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FINAL: Kansas State 55, Central Arkansas 19 - What we Learned

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Pringle and Harris break century mark as Cats roll

NCAA Football: Central Arkansas at Kansas State
D.J. Reed is fast.
Scott Sewell-USA TODAY Sports

After a first half which was disjointed on defense and upside-down on offense, Kansas State fixed the former and continued the latter as they marched relentlessly to a 55-19 victory over the Central Arkansas Bears at Bill Snyder Family Stadium in Manhattan.

In the second half, K-State only found the end zone twice: once on a 69-yard bomb from Jesse Ertz to Isaiah Harris, and later on an 18-yard run by Dalvin Warmack after the starting skill position players had already begun lounging on the sidelines. Matt McCrane added a 28-yard field goal in between, which was answered by UCA’s only score on the starting defense in the second half, a 39-yard Matt Cummins field goal. Their final real threat ended on a fumble which Kyle Ball turned into his very own Piesman Trophy nomination video.

The game was already as good as put away at halftime, when Jesse Ertz sank a dagger in the back of the Bears with a 70-yard bomb to Dalton Schoen near the end of the first half. That capped a 21-point run which included a 55-yard catch-and-run to Byron Pringle and a 62-yard punt return by D.J. Reed, a run which turned a 17-16 lead into a 38-16 blowout.

Central Arkansas had nearly tied the game at 17 when Hayden Hildebrand found Roman Gordon on an 8-yard touchdown reception in the second quarter, but Cummins hit the upright on the point-after attempt. That followed Ertz’s first touchdown pass of the day, an 8-yard lob of his own to Isaiah Zuber, which broke a 10-10 tie.

Brandon Cox scored UCA’s first touchdown just as the first quarter expired on a 37-yard run, and Cummins answered K-State’s opening touchdown with a 47-yard field goal. In between, McCrane missed a 50-yard field goal, but then hit from 53 on the next drive.

The game started with a 96-yard kickoff return by Reed. No, it wasn’t a touchdown; Reed was brought down at the four. Alex Barnes put the rock in two plays later for the opening score.

K-State outgained the Bears 419-399, 186-201 on the ground and 333-198 through the air. Believe it or not, UCA won the possession battle 37:13 to 22:47.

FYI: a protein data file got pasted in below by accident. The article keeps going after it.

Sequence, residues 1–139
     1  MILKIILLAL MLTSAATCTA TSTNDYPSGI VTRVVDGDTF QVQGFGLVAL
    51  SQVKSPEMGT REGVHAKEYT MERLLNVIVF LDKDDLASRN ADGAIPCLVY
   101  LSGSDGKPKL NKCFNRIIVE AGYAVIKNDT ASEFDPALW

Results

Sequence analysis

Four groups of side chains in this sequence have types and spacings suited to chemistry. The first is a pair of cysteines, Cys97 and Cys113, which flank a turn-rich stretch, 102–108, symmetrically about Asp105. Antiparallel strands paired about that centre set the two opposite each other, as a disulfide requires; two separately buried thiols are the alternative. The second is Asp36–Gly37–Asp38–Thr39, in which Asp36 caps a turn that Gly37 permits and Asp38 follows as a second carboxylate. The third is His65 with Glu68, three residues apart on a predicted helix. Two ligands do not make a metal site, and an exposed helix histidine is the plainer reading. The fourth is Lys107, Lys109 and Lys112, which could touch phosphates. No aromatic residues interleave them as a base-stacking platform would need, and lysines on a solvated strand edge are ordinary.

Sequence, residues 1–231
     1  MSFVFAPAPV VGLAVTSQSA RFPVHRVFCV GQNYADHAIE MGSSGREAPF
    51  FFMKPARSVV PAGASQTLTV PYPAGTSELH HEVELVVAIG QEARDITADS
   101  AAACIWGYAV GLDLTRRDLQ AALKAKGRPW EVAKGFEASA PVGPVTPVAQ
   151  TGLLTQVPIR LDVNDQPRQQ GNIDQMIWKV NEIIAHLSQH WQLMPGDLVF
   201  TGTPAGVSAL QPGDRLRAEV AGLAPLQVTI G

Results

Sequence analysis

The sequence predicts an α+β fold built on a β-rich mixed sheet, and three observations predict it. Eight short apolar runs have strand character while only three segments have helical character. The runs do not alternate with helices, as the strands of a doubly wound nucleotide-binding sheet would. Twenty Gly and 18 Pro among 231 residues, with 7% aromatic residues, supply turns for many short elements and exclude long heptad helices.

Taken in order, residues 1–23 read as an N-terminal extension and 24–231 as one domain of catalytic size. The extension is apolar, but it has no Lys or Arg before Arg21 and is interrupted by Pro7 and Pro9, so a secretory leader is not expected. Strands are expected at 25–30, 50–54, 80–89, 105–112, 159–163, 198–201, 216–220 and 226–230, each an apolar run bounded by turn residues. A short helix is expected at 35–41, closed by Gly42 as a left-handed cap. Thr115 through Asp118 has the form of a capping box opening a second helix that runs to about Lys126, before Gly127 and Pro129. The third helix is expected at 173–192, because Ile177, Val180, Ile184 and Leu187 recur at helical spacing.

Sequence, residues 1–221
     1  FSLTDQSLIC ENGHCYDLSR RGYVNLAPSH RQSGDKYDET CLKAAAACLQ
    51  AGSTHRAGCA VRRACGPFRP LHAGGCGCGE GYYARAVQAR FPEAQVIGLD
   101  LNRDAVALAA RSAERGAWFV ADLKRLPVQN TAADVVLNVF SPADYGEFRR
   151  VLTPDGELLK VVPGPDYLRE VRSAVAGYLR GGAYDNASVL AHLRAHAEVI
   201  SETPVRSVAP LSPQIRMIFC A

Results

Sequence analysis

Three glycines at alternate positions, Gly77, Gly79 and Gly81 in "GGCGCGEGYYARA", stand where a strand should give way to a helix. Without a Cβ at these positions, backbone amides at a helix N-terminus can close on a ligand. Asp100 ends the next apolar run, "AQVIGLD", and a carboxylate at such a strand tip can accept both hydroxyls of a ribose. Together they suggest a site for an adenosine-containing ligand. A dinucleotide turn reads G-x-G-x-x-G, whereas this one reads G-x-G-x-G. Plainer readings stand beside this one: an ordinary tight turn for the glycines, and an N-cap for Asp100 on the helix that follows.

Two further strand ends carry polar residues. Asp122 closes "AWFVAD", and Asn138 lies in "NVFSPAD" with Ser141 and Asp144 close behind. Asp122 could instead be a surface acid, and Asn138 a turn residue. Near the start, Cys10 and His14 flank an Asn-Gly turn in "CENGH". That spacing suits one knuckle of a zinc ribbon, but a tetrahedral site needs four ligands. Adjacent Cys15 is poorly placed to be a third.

Ertz finished the game 10-16 for 333 yards, 4 touchdowns, and no interceptions. His QB rating for the game was 319.8, which is a new K-State single-game record. He also ran for 40 yards (35 after his one sack). K-State’s leading rusher on the day was Skylar Thompson, who busted a pair of decent runs including a 30-yarder to end the game with 49 yards on the ground; he did not attempt a pass. Barnes only had 29; Warmack, who entered the game with Thompson midway through the fourth quarter, had 33.

Both Pringle and Harris each caught three balls and both eclipsed the 100 yard mark, Pringle with 121 and Harris with 118. Schoen’s 70-yard score was his lone catch of the night, while Zuber caught two balls for 19 yards. Winston Dimel only had one touch all evening, a five-yard gain on an out pass.

What did we learn?

1) Yeah, Jesse Ertz can throw the ball.

I mean, what else is there to say? Ertz averaged 33.3 yards per completion, and well over 20 per attempt. Of his six incompletions, the first three were admittedly poor throws; the last three were drops. The paradigm has shifted.

2) Something’s off with the run game.

K-State did gain 186 yards on the ground, which at first blush is fine, but: Thompson and Warmack did 82 yards of the damage on only 7 carries. The other 102 yards took the starters 24 tries to manage.

Despite all this, it should be noted that K-State committed no turnovers, and Mitch Lochbihler only stepped on the field to hold the ball on placekicks and to kick the ball on kickoffs. No punts.

3) The linebackers are still a work in progress...

UCA was able to get work done in the middle of the field, largely owing to slow pursuit from the linebackers. Some scheme adjustments in the second half alleviated this somewhat, and the defense basically shut the Bears down over the last 38 minutes. But it was noticeable, and could be a problem once conference play commences. Of major concern: five of K-State’s top six tacklers on the night were defensive backs. (Trent Tanking had 7 tackles, tied for second with Reed and Goolsby and one behind Kendall Adams.) Perhaps worse, K-State recorded four sacks, and three of them came from the defensive backfield.

4) ...but they’re really good up front.

Jayd Kirby, specifically, was all over the place on running plays and in the backfield a ton, recording the fourth sack. They’re a great support group for a good defensive line, which managed four tackles for loss despite not recording any sacks. In the post-game, Will Geary noted that there are corrections which need to be made, but that they are, in his words, “minor”.

5) Every team that plays K-State this year is already terrified of the return game.

D.J. Reed had a total of 181 yards on returns, 2 kickoff and 1 punt. That’s a lot. The team as a whole notched 218 return yards. They’ll be the difference in close games, probably.

So. First win in the books. What did y’all think?